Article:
Today no one can even consider starting a job search without setting up a LinkedIn account, then working to expand it to find new opportunities.
But according to Ian Ide, President of the Search Divisions at WinterWyman, the network can be the land of missed opportunities or it can be the most effective way to network your way into your next job opportunity.
Following are some of the most common LinkedIn mistakes by job seekers that Ide and other professionals see, along with solutions he believes will help you land that next great opportunity:
o A LinkedIn profile does not a resume make: The most common mistake by job seekers is using their personal LinkedIn profile as a resume. A LinkedIn profile is NOT a resume; it is somewhere between a resume and a Facebook profile. It needs to be professional, yet personalized; to allow recruiters and hiring managers to reach out and say, "This is what I like about your background" or "I noticed you belong to the IT Networking Group", pulling info from the Groups section of the profile which is professional.
o Make it personal: Personalize your profile to reflect who you are and to allow recruiters and hiring managers to get to know you or make a connection, "By the way, I'm a Sox fan, too". Another example would be a recruiter who is a Red Sox fan seeing a potential job candidate with a Red Sox icon on their LinkedIn profile, that gives these two people a way to connect, and keeps that person's profile from being generic. Other examples, other interests could be joining groups / associations...technologists can be experienced in a lot of technologies but may only be PASSIONATE about a very few and can join those groups. This is a way to make that match with a recruiter.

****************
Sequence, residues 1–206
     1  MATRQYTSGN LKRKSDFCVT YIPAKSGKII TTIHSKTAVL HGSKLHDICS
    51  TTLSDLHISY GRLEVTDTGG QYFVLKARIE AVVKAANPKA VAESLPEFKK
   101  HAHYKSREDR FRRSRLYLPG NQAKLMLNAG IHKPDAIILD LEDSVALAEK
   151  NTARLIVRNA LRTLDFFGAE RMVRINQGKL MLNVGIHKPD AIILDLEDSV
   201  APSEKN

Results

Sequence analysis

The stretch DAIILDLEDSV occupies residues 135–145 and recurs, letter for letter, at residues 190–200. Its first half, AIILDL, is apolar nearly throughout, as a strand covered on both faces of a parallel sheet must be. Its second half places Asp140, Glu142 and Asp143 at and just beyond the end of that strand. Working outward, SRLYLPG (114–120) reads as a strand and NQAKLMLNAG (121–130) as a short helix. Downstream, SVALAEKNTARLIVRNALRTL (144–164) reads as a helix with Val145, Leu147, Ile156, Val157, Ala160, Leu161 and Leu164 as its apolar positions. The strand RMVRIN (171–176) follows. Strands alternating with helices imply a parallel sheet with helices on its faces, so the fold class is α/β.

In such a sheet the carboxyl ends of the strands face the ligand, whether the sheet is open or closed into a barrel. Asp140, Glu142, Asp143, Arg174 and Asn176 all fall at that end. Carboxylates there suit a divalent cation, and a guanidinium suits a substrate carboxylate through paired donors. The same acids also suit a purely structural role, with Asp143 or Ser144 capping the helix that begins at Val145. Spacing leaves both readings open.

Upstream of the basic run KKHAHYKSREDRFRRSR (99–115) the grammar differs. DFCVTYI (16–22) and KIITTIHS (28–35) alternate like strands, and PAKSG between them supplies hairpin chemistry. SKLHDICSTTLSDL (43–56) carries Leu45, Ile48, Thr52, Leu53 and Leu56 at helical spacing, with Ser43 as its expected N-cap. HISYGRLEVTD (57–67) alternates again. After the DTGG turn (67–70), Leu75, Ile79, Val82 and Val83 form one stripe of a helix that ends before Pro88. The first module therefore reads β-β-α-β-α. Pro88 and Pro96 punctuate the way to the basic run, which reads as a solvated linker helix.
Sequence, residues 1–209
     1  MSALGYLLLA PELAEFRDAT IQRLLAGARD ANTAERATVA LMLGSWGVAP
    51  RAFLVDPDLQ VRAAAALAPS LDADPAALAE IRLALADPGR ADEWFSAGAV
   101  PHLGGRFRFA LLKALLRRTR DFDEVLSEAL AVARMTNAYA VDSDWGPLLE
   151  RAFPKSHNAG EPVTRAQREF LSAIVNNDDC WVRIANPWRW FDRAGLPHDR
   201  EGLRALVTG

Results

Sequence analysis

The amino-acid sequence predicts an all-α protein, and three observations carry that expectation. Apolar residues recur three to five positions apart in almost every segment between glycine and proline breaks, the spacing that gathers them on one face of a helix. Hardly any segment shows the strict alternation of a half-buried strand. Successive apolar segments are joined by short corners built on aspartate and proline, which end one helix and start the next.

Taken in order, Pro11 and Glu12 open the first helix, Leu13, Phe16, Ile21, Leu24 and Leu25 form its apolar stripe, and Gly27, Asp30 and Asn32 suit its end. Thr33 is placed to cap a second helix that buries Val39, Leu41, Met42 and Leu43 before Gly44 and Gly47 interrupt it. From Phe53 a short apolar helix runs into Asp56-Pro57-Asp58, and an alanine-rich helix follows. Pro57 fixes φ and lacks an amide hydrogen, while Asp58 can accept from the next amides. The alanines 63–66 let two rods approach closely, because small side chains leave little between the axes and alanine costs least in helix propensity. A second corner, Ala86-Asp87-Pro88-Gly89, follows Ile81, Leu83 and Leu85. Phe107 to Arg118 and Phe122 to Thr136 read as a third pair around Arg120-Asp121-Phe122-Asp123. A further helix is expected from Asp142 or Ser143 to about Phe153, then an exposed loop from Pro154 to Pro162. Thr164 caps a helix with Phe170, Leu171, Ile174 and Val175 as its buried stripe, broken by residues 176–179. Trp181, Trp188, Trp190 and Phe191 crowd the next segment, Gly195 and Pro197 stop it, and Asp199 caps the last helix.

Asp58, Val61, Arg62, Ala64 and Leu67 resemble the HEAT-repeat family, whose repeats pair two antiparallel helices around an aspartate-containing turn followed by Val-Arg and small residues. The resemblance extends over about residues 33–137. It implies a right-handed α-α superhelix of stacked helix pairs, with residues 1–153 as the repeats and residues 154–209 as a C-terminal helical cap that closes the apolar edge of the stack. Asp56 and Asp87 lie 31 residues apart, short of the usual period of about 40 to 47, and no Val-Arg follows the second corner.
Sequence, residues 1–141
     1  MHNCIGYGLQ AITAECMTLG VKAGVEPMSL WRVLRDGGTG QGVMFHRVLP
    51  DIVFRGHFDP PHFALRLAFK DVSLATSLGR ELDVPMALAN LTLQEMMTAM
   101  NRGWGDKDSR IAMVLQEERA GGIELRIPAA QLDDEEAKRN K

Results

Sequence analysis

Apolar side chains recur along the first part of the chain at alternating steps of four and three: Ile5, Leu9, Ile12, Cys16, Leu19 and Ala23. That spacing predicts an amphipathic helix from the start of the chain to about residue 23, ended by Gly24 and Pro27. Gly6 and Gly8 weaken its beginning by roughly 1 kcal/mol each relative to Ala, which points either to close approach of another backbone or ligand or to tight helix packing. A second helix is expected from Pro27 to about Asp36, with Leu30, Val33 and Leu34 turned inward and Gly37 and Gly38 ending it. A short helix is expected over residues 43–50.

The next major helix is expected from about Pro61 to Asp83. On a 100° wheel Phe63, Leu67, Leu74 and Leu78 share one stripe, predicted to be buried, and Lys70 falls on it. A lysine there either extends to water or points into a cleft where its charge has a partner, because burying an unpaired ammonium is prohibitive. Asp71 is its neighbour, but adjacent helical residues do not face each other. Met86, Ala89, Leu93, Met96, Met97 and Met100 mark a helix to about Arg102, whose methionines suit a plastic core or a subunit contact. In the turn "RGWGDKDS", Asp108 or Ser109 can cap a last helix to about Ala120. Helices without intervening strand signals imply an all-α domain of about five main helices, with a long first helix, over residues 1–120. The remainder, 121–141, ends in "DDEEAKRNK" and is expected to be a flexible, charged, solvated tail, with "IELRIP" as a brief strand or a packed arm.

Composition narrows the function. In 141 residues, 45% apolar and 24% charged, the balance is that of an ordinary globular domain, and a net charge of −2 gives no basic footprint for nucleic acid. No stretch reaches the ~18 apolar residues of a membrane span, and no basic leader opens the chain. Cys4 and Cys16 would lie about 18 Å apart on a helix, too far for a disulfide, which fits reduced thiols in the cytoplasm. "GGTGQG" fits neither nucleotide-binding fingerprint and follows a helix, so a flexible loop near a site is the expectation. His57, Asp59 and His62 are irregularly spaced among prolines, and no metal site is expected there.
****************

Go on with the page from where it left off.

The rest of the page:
o This is your 'first impression" are you approachable? Recruiters are trying to determine if a potential job candidate will respond to them. The reality is that recruiters use LinkedIn to contact people they don't know, but that they feel are approachable, i.e., is the potential candidates' profile summary extremely formal, is it written in the 3rd person, or did that person effectively summarize what they like to do, describe their passions, make themselves approachable?
Creative ways to make LinkedIn basics more appealing:
o Summary: A summary should not be written in the third person. You should personalize and discuss your passions. Do not list just what you have done, but what you would like to be doing.
o Title: It is important to have a meaningful title. You should not use your actual title, but the functional title, since this is one of the primary ways that recruiters search - it is almost always the number one search field. Crazy titles are most often seen in start-ups; they are given to engender attention and prestige for the position; some examples are "IT Ninja", "Rock Star", and "Chief People Officer". But, recruiters search for traditional titles, such as CIO, CTO, CEO, and CHRO. For example, Product Manager is the functional title but in a start-up, the position may be called "Customer Experience Manager".